There are a few fruits and vegetables that should not be composted, as they can either attract pests or break down too slowly. These include: -Fruit with pits, such as apricots, cherries, and plums.

The pits can take years to decompose and may also contain harmful chemicals. -Starchy vegetables, such as potatoes and corn. These vegetables tend to rot rather than decompose, which can attract pests.

-Leafy greens, such as lettuce and spinach. These greens break down quickly, which can create an unpleasant odor in the compost bin. -Dairy products and meat scraps.

What Can You Put in a Hot Composter?

There are a few different types of hot composters, but most operate under the same basic principle: by providing the ideal mix of ingredients and conditions, you can create a space where microorganisms thrive and break down organic matter quickly. This process not only reduces waste, but also produces nutrient-rich compost that can be used to improve your soil. So what can you put in a hot composter?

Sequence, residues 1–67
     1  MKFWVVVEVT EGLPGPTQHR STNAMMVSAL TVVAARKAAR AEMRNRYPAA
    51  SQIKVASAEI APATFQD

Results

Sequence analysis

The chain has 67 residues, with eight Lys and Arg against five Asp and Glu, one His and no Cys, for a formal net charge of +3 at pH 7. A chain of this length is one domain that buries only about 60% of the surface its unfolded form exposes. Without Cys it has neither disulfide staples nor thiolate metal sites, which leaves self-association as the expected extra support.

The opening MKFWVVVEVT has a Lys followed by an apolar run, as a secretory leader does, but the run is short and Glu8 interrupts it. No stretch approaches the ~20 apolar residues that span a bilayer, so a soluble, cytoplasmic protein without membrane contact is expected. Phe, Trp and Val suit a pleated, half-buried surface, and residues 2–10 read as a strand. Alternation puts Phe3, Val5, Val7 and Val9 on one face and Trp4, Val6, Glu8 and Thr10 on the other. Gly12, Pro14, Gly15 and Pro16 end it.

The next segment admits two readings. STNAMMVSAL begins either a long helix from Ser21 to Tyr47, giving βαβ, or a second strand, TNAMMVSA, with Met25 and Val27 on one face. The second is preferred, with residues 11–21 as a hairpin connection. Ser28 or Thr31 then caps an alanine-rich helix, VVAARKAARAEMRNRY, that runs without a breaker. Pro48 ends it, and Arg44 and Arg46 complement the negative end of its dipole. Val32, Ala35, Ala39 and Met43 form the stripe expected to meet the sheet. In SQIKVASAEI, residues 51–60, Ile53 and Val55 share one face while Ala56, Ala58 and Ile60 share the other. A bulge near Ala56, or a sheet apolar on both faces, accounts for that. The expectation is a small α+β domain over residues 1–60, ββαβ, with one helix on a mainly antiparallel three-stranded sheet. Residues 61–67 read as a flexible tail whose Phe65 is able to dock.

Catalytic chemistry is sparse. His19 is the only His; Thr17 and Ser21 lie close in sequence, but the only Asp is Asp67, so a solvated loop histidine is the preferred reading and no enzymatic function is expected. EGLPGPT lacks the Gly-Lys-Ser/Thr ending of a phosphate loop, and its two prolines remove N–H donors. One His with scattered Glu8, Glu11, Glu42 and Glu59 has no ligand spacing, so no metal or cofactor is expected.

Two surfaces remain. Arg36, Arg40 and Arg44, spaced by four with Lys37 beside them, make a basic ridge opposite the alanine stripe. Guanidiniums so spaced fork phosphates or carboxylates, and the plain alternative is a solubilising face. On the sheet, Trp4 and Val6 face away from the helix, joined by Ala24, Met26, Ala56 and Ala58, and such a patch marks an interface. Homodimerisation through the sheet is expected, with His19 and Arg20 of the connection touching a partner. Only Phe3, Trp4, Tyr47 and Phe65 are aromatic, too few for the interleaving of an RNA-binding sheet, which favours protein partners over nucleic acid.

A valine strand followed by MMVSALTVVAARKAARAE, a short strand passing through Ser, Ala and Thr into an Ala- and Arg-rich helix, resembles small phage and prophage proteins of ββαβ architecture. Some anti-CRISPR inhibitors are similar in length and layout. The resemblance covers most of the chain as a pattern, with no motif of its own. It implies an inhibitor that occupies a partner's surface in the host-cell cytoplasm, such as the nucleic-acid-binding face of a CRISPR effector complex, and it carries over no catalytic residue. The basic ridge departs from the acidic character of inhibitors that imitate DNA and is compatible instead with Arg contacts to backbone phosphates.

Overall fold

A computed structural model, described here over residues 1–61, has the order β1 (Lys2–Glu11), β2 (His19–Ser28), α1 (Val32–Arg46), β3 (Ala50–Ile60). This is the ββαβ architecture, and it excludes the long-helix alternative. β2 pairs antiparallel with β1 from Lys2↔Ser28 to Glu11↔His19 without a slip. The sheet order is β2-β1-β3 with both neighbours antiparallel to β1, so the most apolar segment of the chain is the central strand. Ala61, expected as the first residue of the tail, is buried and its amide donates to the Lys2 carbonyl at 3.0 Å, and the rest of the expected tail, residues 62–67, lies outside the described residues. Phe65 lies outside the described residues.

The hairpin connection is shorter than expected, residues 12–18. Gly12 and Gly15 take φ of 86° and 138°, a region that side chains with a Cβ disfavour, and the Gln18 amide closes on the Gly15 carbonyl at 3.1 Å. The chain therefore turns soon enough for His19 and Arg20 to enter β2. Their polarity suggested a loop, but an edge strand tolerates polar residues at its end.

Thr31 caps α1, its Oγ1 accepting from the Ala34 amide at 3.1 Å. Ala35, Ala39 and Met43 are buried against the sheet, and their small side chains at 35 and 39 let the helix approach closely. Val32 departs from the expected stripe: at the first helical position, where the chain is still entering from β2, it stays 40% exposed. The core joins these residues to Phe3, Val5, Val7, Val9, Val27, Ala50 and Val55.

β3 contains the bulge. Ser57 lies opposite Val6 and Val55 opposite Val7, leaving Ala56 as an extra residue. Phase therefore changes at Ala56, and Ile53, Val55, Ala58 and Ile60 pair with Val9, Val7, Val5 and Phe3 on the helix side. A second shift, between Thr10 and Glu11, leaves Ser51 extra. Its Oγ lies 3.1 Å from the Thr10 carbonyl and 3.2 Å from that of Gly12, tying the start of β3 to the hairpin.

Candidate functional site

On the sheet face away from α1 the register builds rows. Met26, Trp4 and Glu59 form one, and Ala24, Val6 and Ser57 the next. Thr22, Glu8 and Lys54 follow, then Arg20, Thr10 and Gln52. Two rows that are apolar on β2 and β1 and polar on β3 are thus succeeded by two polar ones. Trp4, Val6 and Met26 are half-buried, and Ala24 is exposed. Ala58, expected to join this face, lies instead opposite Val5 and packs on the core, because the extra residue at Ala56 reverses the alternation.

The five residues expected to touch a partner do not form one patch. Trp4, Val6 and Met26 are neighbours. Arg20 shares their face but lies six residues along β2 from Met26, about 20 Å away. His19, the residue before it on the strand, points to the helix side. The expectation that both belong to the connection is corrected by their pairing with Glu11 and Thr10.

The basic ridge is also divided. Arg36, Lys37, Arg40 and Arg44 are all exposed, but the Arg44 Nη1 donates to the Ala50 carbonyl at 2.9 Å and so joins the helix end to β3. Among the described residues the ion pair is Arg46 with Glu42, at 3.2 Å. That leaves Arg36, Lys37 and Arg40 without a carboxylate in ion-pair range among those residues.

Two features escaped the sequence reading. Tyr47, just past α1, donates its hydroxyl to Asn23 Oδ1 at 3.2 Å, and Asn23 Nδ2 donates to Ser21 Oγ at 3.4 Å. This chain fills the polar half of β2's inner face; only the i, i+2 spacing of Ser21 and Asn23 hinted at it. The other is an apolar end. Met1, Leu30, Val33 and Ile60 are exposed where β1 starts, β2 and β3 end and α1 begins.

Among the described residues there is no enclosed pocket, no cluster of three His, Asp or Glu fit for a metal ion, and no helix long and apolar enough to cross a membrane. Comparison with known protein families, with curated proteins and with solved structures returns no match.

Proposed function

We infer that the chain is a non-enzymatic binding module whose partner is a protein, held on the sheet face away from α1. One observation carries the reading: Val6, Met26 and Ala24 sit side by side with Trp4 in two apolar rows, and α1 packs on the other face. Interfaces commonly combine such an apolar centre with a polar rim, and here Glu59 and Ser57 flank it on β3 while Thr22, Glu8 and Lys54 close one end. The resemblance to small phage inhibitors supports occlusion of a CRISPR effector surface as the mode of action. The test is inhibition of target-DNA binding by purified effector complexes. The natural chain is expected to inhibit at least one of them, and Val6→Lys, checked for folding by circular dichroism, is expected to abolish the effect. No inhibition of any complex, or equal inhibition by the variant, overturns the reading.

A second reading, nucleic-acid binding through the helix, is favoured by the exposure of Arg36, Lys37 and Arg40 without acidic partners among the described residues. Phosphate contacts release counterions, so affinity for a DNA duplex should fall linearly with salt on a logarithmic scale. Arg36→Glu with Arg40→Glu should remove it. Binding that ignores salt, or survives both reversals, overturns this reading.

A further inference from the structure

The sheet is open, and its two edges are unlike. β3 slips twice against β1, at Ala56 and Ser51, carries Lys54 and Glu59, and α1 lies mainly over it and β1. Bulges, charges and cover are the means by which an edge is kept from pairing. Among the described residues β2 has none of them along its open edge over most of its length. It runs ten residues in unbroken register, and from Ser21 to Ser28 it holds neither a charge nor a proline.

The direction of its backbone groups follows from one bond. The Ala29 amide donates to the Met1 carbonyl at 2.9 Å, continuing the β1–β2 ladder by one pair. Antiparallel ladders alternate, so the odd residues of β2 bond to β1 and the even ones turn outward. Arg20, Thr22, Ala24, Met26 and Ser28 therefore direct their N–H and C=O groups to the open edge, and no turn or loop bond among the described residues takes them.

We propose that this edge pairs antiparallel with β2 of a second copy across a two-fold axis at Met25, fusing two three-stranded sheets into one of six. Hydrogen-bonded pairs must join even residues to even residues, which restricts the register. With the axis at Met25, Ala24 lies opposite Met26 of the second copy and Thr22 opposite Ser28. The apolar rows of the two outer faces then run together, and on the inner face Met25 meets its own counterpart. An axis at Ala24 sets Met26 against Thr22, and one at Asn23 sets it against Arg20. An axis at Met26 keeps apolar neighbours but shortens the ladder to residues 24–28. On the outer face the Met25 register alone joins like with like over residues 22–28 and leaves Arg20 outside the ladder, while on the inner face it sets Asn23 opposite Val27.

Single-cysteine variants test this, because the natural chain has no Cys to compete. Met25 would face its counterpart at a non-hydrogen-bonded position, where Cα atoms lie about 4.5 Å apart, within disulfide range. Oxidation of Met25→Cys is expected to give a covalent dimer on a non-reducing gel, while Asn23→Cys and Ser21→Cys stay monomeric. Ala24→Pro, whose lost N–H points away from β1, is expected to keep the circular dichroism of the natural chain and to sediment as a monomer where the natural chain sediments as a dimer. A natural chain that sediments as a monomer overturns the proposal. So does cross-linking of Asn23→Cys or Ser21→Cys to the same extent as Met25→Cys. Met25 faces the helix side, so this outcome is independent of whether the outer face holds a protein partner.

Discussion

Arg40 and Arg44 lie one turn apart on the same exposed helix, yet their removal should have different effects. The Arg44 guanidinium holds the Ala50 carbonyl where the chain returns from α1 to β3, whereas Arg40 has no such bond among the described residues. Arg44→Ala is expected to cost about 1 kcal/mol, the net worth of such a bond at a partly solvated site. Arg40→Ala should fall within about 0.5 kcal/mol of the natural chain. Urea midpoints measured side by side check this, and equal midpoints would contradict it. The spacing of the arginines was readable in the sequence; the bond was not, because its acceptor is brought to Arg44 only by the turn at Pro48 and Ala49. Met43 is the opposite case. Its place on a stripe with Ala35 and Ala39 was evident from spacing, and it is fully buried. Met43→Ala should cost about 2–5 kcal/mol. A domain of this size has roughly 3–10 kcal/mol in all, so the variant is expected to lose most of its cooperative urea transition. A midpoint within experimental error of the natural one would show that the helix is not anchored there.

A variety of organic materials including kitchen scraps (vegetable peelings, coffee grounds, eggshells), yard waste (leaves, grass clippings), and even manure from herbivorous animals. The key is to have a mix of green and brown materials – greens are high in nitrogen and browns are high in carbon – which will provide the microorganisms with the energy they need to break down the organic matter. You’ll also want to make sure that your materials are chopped up into small pieces so that they decompose more quickly.

Once you’ve gathered your materials, it’s time to build your compost pile! Start by layering alternating layers of green and brown materials, making sure to moisten each layer as you go. Once your pile is built, cover it with a tarp or other breathable material to help retain heat and moisture.

Now all you need to do is wait – depending on the size and composition of your pile, it should be ready to use in anywhere from two weeks to six months.

What Vegetables Cannot Be Composted?

Not all vegetables can be composted – there are some that should not be added to your compost pile. Here is a list of vegetables that cannot be composted: -Asparagus

-Beans -Brussel sprouts -Cabbage

-Cauliflower -Corn -Eggplant

-Garlic -Leeks -Onions

-Peppers -Potatoes turn brown and mushy when they decompose, so they don’t add much in terms of nutrition for your plants.